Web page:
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Sports

How football helped liberate Algeria from France

© STF / AFP | An undated photo shows Equipe FLN player Rachid Mekhloufi during a match.

Text by Sam BALL , Stéphanie TROUILLARD

Latest update : 2016-04-08

In 1958 a small group of professional Algerian footballers risked their careers, their livelihoods and even their freedom to play a small but significant role in the country’s battle for independence from France – a story little known today.

On Monday, April 14 1958 a car carrying four young men approached the French-Swiss border. Nerves must have been jangling as the border guards stopped their vehicle. But rather than ask any awkward questions about where they were headed or why, the guards asked for the men’s autographs before waiving them through.

Four Algerian stars of French football – Abdelhamid Bouchouk, Abdelhamid Kermali, Rachid Mekhloufi and Mokhtar Arribi – had just passed the point of no return on a course of events that would shape the rest of their lives.

All four had promising careers at top-level French football clubs at the time – but now they were giving it all up, clandestinely slipping out of the country to play their own small but significant role in Algeria’s bloody war for independence, led by the National Liberation Front (FLN) and already four years old at the time.

From Switzerland they would eventually make their way to Italy and then Tunis, where they would be joined by eight others who had made the journey from France, abandoning their French clubs to form the core of what would become the “Equipe FLN”, a de facto Algerian national team that would represent a country that was not yet independent.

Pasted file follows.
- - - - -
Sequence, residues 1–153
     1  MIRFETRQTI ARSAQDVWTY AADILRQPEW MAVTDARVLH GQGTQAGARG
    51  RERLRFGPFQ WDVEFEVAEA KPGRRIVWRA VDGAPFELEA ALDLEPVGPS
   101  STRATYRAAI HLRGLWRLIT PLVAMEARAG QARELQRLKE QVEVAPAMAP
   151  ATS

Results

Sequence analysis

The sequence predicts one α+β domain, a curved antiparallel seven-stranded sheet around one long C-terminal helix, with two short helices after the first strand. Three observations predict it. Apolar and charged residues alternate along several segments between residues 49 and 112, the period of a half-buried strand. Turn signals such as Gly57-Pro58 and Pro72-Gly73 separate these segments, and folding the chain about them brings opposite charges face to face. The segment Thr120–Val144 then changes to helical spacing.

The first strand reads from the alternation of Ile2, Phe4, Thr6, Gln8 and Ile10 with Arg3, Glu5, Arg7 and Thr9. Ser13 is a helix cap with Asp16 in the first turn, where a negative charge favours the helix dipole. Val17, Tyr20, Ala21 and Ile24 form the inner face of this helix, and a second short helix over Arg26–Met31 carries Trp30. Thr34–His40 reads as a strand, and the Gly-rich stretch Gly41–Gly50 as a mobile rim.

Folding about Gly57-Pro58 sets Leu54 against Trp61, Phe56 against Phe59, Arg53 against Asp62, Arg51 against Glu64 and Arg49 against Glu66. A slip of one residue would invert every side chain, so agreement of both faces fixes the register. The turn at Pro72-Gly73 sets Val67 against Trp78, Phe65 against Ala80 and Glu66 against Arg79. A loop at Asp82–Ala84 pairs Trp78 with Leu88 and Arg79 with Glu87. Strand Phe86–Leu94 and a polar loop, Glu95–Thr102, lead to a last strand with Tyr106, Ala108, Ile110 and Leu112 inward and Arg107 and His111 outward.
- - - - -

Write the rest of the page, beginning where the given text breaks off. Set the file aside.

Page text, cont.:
High stakes?

The idea of an Algerian national football team was the brain child of Mohamed Boumezrag, a former professional footballer who had played in France. The FLN’s leader, Ahmed Ben Bella, who himself had once lined up for Olympique Marseille, was well aware of the political potential of football. It was a way to show that the country could stand on its own two feet in every aspect of life, even in sport. He gave Boumezrag the go ahead to start the recruitment process.

For Mekhloufi, perhaps the best known of the Algerian players, it was the start of a whirlwind journey that took him from a star at Ligue 1 champions Saint-Étienne into an unknown world where the line between sport and politics became indistinguishably blurred.

“Kermali and Arribi came to see me on the eve of a match against Beziers and told me: ‘We’re going to Tunisia to form a team’,” he recalls.

But, carrying out his military service at the time and fearing leaving France would result in him being imprisoned as a deserter, Mekhloufi was initially reluctant.

“In that game [against Beziers], I got a head injury. I fainted and was sent to hospital,” says Mekhloufi.

“I told myself it was a good thing and that [Kermali and Arribi] would forget about me. But then in the morning they were at the door of my room. I was still in my pyjamas. I told them I couldn’t go because my passport was at the head office at Saint-Étienne. We had to go and get it. It was all a rush – we had to get to the Swiss border quickly because some of the other footballers were already in Italy. I didn’t know where we were going, but Kermali and Arribi reassured me.”

At that time, Algeria was still considered a region of France. Algerians were French nationals and footballers born in the north-African colony had been representing the French national team for decades.

Among those bound to join the FLN team were some of the biggest names in French football. Mekhloufi and another player, Mustapha Zitouni, had already been selected as part of the French national squad set to take part in that year’s World Cup.

The players knew the risk they were taking. They would become traitors in the eyes of many back in France while giving up professional careers they may never be able to reestablish. Many would also be leaving behind friends and family, wives and children.